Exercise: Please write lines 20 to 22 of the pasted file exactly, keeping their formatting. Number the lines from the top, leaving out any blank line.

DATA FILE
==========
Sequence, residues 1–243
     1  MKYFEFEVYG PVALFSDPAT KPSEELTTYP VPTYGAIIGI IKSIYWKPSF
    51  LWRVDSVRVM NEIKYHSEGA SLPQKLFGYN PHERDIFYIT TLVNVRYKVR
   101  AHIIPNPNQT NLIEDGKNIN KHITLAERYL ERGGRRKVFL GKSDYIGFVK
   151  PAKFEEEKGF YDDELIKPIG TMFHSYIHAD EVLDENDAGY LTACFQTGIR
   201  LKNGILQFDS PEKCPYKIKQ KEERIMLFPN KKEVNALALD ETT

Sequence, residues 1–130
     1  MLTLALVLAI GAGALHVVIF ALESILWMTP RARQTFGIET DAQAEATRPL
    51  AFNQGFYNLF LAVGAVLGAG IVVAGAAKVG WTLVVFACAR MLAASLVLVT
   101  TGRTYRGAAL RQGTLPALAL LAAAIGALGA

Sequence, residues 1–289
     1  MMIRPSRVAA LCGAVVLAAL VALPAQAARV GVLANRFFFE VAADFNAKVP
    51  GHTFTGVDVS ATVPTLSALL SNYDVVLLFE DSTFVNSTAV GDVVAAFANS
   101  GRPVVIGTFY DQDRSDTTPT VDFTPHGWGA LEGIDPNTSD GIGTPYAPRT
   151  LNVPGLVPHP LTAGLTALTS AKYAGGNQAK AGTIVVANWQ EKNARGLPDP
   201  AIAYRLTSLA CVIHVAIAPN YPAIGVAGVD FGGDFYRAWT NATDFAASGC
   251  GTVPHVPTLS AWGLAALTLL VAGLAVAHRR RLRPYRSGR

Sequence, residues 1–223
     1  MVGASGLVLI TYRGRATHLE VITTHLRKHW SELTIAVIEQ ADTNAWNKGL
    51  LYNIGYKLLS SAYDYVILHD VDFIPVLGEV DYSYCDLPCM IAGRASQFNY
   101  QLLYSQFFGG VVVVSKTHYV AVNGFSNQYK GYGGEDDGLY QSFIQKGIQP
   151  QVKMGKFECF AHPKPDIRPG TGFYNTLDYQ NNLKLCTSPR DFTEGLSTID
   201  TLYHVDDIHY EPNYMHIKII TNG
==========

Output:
    51  LYNIGYKLLS SAYDYVILHD VDFIPVLGEV DYSYCDLPCM IAGRASQFNY
   101  QLLYSQFFGG VVVVSKTHYV AVNGFSNQYK GYGGEDDGLY QSFIQKGIQP
   151  QVKMGKFECF AHPKPDIRPG TGFYNTLDYQ NNLKLCTSPR DFTEGLSTID